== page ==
LinkedIn sucks. You should tell me I’m wrong, but you won’t—because I’m not. Reid and the folks at LinkedIn made something useful, and growth-hacked the shit out of it. They never got the social aspect of it right, though.
The platform is the culture
LinkedIn’s business model is predicated on access. You bring your connections, but reaching out to others will cost you. This is at odds with the very notion of a professional network. The whole point of such a thing, should be to help you meet others and discover mutual opportunities. This can’t happen when a platform is comprised of gates, though.
So, when you have a networking platform that stifles meeting new people, users get desperate. This leads them to do crummy things that results in nothing more than frustration. For example:
They talk about successes, hoping others will be attracted to them. Unfortunately, it comes off as bragging:
They try to hack the system, with post confrontational or motivational crap that lacks substance:
Some even automate friendly-seeming gestures, in hopes of seeming personable. These feel disingenuous:
And then there’s the recruiter spam:
What I present are bad tactics, employed by good people, because LinkedIn’s platform is broken. I suspect the folks at LinkedIn know this, and are attempting to fix the problem. That’s probably why they recently redesigned their site. Unfortunately, a new skin won’t change a toxic culture.
The whole system is out of order
Years ago, I wrote a book called Speak Human. In it, I made a few key arguments. One was that small businesses has a great—and often untapped—advantage over larger ones. Another was that business communication works best when it’s made personal. That last part is something you already know, but might not entirely believe—yet—because of a flawed narrative regarding professionalism.
There’s a vast difference between looking professional and being professional. Looking professional is bullshit. It’s how you speak in a job interview. It’s the “networking” event where people feign interest, in hopes of scoring a deal. It’s the suit you think you need to wear, but hate. It’s in those worn-out aphorisms (e.g., “The customer is always right.”) few actually believe. What most never realize is how unnecessary such traditions are. They’re phoney, and don’t work.
Opportunities come about not because of decorum, but because of what you do. When you’re nice to people, they’re more likely to want to work with you. If you do as you promise, they’ll probably return to you. By offering pertinent information, you become known for your knowledge. And, when you can do stuff others can’t, you’ll find yourself in demand.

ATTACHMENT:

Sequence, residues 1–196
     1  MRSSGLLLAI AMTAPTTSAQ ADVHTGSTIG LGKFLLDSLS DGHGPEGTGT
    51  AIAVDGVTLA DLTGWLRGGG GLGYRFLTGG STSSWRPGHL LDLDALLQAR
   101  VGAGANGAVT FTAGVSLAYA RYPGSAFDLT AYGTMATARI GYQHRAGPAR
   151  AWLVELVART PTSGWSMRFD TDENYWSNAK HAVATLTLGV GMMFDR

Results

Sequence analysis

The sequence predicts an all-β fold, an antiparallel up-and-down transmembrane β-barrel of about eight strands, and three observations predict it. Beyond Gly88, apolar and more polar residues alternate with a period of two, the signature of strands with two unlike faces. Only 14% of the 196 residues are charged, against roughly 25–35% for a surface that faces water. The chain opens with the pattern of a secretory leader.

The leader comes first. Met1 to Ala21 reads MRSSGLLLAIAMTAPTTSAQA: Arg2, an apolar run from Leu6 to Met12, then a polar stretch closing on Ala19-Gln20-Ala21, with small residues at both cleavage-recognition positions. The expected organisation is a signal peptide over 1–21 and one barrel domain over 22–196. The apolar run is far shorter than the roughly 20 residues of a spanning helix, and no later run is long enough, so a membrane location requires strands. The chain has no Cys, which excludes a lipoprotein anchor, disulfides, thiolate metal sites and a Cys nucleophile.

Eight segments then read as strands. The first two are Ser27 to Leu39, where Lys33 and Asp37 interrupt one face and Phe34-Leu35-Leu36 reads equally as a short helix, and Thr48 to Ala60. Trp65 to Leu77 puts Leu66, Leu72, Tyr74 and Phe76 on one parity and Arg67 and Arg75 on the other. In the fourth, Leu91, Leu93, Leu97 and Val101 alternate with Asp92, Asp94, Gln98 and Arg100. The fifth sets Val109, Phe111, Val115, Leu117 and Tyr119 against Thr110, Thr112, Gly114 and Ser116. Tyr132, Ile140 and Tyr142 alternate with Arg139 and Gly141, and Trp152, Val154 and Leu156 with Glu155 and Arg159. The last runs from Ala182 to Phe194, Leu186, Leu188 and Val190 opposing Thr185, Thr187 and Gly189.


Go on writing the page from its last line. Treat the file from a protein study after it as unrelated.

LinkedIn’s problem isn’t only its platform. It’s found in an outdated idea of professionalism that has more to do with ego than meaningful contributions. This is changing, though, and so should our professional networks.
Categorization and culture
In the next week or two, we’ll launch something new for Officehours. It’s called Streams, and it represents a different take on the newsfeed. Our attempt at fixing this thing relies on two key elements: categorization and culture.
The LinkedIn feed is a firehose of disorganized content that lacks relevance. (E.g., If I really want to learn about growth strategies, I can’t find that specific information on LinkedIn.) Conversely, every post on Officehours must be categorized. This allows members granular control of what information they see—and what’s worth their attention. This filtering can be applied to content type, subject matter, and who posted the content.
Categorization should result in more relevant content; however, a filter is only a filter. The bigger issue is culture. That’s something we can encourage, and build mechanisms around. Ultimately, though, it remains largely in your hands.
I’m optimistic about culture on Officehours. Over the past year and a half, I’ve watched how people like you share your time, knowledge, and curiosity here. I’ve heard first-hand how you’ve built new friendships through just a few minutes of real talk. I believe you’ll do the same with Streams. This is how we’ll create a positive culture on Officehours: by appealing to each member’s generosity and desire to do meaningful work.
If we can get categories and culture right (I don’t expect it to be easy), I believe we can create something truly good. By this, I mean a community that you can give and get from, and feel better for having participated.
Get early access
We’re offering early access to Streams for a few select members. We’re asking the same of each of them: share content (your own stuff is fine) that’s useful, informative, and insightful. Don’t tell us about your raise and promotion; instead, help us learn new things and grow. These contributions will be the cornerstone of Streams. Meanwhile, help us encourage positive, constructive dialogue among members.
These first users will have full ability to post content in Streams. Others will be limited to commenting for the time being. Once we’ve worked out the kinks, we’ll expand access to all Officehours members. If you’d like to be considered for early access, email me with a few words on why you’d like to take part.
Streams is early on, and we’ll get some things wrong. That said, we’ll do our very best to make it something worthy of your attention.